30yrs ago ‘Iron’ Mike Tyson became youngest heavyweight champ in history
Tyson was just a young man from the backstreets of Brownsville, Brooklyn, when he challenged 32-year-old Berbick for his WBC heavyweight title at the Riviera Hotel & Casino in Las Vegas, Nevada, on November 22, 1986.
His fledgling professional career up to that point had yielded 26 knockouts from 27 wins. At 2 minutes 18 seconds of the second round of the fight in question, Tyson let Berbick know exactly why he had become known by the moniker ‘Kid Dynamite’, landing a slicing left hook to the defending champ’s temple.
The blow sent Berbick crashing to the floor, his shaky legs unable to raise him. After trying to stand up – “like a drunken baby in a playpen,” as described by commentator Reg Gutteridge – he was counted out by referee Mills Lane.
Tyson, hands outstretched in acknowledgement of his knockout win, was the champion; with those same hands, he had written himself into the history books.
At 20 years, four months, three weeks and two days old, Tyson had beaten Floyd Patterson’s record for becoming the youngest world heavyweight champion in history. Patterson, who was also a prodigy of Tyson’s now late legendary trainer Cus D’Amato, was 21 when he won the vacant heavyweight title in 1956.
Tyson also bettered the record for being the youngest man to win the title from a reigning champion set by a 22-year-old Muhammad Ali – at the time known as Cassius Clay – when he beat Sonny Liston in 1964.
Coincidentally, Tyson said after the fight the beating he gave to Berbick was revenge for the defeat the latter had inflicted on Ali that ended the storied career of ‘The Greatest’ five years previously and forecast that his feat would never be matched.
“It’s the moment I waited for all my life, ever since I started the game of boxing. Every punch I threw, I threw with bad intentions,” Tyson told HBO broadcaster Larry Merchant in his post-fight interview.
“I’m the youngest [heavyweight] champion ever in the history of the sport and my record will last for immortality – it will never be broken," he added.
Tyson’s prediction has thus far proved correct. Exactly three decades after Iron Mike announced himself to the boxing world as one of the most exciting fighters in the world, no one has even come close to matching either record.
He went on to defend his title nine times, unifying each sanctioning body belts and being named Ring magazine fighter of the year twice in the process. In 1988, Tyson set yet another heavyweight boxing record when he bludgeoned Michael Spinks into defeat in merely 91 seconds - the quickest heavyweight title defense ever. That record has also gone untouched.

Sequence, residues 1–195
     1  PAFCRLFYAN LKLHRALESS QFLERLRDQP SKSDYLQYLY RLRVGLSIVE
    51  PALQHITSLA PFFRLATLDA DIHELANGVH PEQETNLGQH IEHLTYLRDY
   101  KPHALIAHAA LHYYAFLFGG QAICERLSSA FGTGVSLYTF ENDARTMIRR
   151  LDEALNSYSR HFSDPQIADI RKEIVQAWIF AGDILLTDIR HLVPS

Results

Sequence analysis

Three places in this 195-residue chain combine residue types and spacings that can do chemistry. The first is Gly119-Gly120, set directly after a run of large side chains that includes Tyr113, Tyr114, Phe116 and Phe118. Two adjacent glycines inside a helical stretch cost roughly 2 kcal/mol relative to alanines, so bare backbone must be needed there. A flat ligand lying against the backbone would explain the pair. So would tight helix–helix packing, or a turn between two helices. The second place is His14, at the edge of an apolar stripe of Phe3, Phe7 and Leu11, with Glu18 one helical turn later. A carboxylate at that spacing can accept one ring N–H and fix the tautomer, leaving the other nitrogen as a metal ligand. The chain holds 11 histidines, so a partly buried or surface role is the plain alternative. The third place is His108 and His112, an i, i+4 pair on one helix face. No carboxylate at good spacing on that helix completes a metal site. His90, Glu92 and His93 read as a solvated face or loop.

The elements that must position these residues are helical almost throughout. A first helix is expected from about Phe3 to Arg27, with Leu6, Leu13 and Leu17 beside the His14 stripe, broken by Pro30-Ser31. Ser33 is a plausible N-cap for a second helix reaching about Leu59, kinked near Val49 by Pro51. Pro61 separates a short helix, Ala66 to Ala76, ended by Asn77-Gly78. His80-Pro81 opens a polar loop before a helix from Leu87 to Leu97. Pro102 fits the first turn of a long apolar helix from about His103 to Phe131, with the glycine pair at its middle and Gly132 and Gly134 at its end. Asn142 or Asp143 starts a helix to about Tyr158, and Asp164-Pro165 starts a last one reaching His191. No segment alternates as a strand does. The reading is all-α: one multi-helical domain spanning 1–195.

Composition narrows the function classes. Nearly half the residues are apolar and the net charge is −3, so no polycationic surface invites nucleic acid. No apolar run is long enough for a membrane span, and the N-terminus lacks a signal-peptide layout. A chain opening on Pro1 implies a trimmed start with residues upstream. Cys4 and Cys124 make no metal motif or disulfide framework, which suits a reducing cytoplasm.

“There’s no fighter like me and I can beat any man in the world. Brownsville! Alright!” Tyson exclaimed to Merchant in his post-fight interview. He went on to make two more crushing defenses the following year, increasing his record to 37-0.
But in 1990, Tyson was brought crashing down from atop the crest of his devastating wave when Buster Douglas hammered him into a 10th-round knockout loss in Tokyo, Japan. There were rumors that Tyson had not trained for the fight, and had instead indulged himself in the fruits of his sky-high celebrity.
Already-prevalent managerial and marriage problems had unraveled, and just two years later Tyson’s career was truncated by a rape conviction, the result of which saw him spend three years of his prime behind bars. His release from prison in 1996 brought about a much-anticipated and successful comeback and a ferocious Tyson quickly won back the WBA and WBC titles.
However, a belated showdown with seasoned warrior Evander Holyfield in 1997 brought his second career defeat, this time by 11th round knockout. The rematch has since become infamous for an incident where an enraged Tyson bit off chunks of Holyfield’s ears and shoved him in the back in retaliation, as Tyson later alleged, to head-butting.
Tyson was disqualified and banned from boxing for over a year and fined $3 million, all of which added to his persona which had evolved from ‘Kid Dynamite’ to ‘The Baddest Man on the Planet’. The fury which had been tamed and channeled inside the ring had spilled over and spiraled out of control, and Tyson’s personal life soon followed suit. After sub-par performances in the ring Tyson retired aged in 2005, just short of his 39th birthday.
Almost all of the $300 million wealth he had accumulated along the way had gone, squandered on luxuries from pet Bengal tigers to fleets of Bentley cars. Murky contract disputes with notorious promoter Don King and divorce from actress Robin Givens, as well as legions of hangers-on also contributed to Tyson’s dire financial state.
Today living in Nevada, Tyson, who celebrated his 50th birthday in June, is now a devoted husband and father who tours a one-man stage show in which he captivatingly recounts his life stories with tales of his equally evocative and extreme highs and lows.
Through each of them Tyson’s life has changed dramatically. But one thing remains permanent in the annals of history: Mike Tyson, aged 20 years, four months, three weeks and two days on November 22, 1986, is still the youngest heavyweight champion in boxing history.